“Well, then, you don’t have to worry about the bike now, then, do you?  Off with you, and keep saving up.  You never know what you can do till you try.”

“But, is it sold?”

“Maybe.  Christmas is coming, you know.  It’s there to be sold.”

Adam’s face took on such a despondent look that Mr Halford took pity.

“It’s reserved, son.  But if you’ve got the money in the summer, I’ll order another for you.”

Reality took hold as Adam went home, sat at the front of the upstairs of the bus.  The summer would be gone before he got enough money for the bike.  Was it worth the saving up, and the hard work at the greengrocer’s?

He swung his satchel over his shoulder as he got off the bus, and whistled as he walked down the street, past the huddled houses with the lights peering from the split in the curtains. He’d save up to buy the bike, then he’d ride it through the hills and win races the following year. He’d reach his dream. It would just take more effort.

A couple of days before Christmas, his mother said she could only give him a pound for buying Christmas presents this year, and he should use some of his earnings towards them.

“Get something nice for Antony.  He’s such a great big brother to you.”

Adam looked at his bottle bank.  Antony was a great brother.  And Mum was a great Mum and deserved something nice.  And dad was a great dad, even if he hardly saw him except Sundays these days.  He hoped that maybe they’d go to the park and kick a football around at Christmas, since they didn’t play football on Sundays.  Adam poured the money out of his bottle bank onto his bedspread, counted it like he did every week, then took twenty percent out and put the rest back.  September would have to be good enough.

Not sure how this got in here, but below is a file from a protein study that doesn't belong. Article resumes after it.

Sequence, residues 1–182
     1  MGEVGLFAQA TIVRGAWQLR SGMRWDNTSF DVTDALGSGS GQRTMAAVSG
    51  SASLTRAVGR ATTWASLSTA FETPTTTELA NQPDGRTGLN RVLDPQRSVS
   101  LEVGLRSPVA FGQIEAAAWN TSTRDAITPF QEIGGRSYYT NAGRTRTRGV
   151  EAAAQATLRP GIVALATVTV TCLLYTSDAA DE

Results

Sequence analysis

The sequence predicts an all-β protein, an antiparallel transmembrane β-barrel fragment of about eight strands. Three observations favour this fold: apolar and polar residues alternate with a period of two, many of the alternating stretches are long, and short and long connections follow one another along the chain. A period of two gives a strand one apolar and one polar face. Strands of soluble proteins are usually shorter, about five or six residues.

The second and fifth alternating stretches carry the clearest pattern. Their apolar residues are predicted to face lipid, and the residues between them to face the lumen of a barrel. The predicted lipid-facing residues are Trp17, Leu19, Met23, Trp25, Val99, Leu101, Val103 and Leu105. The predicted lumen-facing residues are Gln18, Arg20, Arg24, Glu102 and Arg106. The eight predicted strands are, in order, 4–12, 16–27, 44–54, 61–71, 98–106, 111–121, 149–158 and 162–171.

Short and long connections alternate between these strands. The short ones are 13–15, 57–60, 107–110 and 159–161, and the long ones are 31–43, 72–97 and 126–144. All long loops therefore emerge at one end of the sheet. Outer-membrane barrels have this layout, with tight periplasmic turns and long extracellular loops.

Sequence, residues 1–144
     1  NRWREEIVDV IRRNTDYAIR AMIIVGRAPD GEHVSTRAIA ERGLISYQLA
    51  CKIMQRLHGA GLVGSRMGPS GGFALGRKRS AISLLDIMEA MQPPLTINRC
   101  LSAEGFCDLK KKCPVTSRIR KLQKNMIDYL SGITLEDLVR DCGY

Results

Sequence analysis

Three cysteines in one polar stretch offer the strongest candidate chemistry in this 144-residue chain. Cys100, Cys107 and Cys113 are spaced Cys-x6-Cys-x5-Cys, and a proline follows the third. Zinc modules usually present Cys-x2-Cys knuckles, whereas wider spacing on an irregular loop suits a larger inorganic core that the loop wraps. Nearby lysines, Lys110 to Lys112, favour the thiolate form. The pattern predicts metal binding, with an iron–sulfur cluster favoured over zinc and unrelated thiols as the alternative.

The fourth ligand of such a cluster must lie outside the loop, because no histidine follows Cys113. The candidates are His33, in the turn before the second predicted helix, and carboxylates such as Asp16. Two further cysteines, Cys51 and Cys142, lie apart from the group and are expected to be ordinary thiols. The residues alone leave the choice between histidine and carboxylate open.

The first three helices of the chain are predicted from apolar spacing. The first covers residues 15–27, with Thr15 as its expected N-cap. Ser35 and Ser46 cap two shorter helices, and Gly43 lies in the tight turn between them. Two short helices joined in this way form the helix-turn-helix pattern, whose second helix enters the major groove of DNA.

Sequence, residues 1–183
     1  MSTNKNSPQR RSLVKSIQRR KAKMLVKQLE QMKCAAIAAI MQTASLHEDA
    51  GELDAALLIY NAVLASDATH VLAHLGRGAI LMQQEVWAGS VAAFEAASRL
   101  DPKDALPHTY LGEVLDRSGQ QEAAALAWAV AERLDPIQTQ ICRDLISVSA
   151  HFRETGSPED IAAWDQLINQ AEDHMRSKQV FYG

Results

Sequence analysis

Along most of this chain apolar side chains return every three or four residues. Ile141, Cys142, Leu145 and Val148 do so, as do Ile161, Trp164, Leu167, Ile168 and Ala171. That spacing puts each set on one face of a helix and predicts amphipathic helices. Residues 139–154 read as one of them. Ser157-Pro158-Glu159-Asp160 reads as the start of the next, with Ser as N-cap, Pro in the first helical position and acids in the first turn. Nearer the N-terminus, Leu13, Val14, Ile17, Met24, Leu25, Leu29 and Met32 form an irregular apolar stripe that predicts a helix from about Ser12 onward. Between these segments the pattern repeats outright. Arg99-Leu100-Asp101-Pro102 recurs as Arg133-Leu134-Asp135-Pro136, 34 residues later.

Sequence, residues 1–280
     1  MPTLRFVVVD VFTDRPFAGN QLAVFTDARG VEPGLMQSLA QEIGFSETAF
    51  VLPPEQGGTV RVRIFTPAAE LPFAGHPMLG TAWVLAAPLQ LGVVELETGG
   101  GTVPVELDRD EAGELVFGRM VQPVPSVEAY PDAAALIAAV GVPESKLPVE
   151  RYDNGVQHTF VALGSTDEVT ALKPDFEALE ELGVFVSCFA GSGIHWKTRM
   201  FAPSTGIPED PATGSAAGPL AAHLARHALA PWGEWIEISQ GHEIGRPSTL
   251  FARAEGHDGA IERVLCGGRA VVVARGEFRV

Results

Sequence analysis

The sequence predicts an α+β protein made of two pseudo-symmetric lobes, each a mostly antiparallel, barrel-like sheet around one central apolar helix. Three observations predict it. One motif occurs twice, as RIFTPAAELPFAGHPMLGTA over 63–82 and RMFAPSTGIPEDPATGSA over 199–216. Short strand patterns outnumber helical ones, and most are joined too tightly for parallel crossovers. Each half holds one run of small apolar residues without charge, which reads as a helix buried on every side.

On Christmas Day he enjoyed the delight his mother had when she pinned the pretty brooch on her dress, a whole seven shillings from Woolworths, but it looked just as good as gold.  Dad seemed delighted with the new wool scarf he’d got on the market.  Antony winked as he unwrapped the large square object that could only be an LP record, saying ‘dunno what this is, I’m not much of one for books.”

His own presents consisted of some socks, a set of multi-coloured pens, a book on Einstein and other great physicists, and a card.  He opened the card, hoping beyond hope that it might say ‘look in the yard,’ or something like that, which it would in books. But it was a gift card for Halfords, with the words: ‘your present will be available for collection on 2nd January.’

He looked at his dad, who was watching him.  “That racing bike had already been sold.  But Mr Halford knows all about you, and Mr Baker chipped in too, since he says you can do Saturday deliveries with a bike. So go in on the second, and see which of the new stock they’ve got in you can have. Here’s the brochure.”

The brochure had more bikes in it than he could imagine. He spent the rest of the holidays comparing gears and prices, and checking the bike magazines in the library for reports on their performance.  When second of January came, he took his bottle bank money with him, and chose the bike of his dreams, with the full support of his family and friends.

Then he had to step up another gear and learn to ride it.

© J M Pett 2016

Bicycle picture from

#FridayFlash Fiction | The Ten-Speed Bike
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One thought on “#FridayFlash Fiction | The Ten-Speed Bike

  • 4 December, 2016 at 3:38 am

    Awww! Makes me think of my own first bike, and the crushing disappointment that it wasn’t new (also that it was a girl’s frame). My last year in HS I managed to save up enough for a brand new 10-speed.